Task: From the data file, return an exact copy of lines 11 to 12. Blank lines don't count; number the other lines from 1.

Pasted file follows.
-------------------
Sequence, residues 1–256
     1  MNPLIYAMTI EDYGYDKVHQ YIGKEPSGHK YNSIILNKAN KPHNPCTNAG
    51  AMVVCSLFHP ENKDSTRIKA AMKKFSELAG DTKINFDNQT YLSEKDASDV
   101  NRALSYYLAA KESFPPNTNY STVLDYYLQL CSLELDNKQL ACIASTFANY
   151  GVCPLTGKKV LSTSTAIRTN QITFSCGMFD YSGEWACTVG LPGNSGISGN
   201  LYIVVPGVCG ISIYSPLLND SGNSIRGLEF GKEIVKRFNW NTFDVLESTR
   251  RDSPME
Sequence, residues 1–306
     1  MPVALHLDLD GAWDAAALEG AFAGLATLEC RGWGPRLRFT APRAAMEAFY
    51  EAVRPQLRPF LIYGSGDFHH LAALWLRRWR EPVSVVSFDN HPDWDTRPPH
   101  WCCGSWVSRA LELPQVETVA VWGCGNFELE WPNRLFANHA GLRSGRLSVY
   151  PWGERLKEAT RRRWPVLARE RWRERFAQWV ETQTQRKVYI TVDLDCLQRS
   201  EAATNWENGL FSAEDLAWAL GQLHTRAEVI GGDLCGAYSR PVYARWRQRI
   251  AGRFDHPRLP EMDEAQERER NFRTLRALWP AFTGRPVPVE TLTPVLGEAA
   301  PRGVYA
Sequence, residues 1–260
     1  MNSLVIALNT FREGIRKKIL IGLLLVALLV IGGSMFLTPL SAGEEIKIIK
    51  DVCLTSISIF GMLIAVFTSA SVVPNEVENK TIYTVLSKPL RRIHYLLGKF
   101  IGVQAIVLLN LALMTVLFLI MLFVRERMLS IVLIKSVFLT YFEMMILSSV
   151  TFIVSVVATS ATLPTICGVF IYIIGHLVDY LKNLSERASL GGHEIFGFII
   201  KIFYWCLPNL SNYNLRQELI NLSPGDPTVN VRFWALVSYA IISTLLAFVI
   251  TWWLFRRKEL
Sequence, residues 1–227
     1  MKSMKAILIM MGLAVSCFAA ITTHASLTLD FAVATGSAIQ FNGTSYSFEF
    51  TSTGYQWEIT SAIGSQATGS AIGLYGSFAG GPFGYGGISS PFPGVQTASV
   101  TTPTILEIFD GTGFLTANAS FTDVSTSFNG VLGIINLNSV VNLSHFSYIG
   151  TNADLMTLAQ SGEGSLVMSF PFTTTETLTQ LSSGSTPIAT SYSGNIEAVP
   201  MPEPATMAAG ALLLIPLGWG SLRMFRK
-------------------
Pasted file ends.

   101  WCCGSWVSRA LELPQVETVA VWGCGNFELE WPNRLFANHA GLRSGRLSVY
   151  PWGERLKEAT RRRWPVLARE RWRERFAQWV ETQTQRKVYI TVDLDCLQRS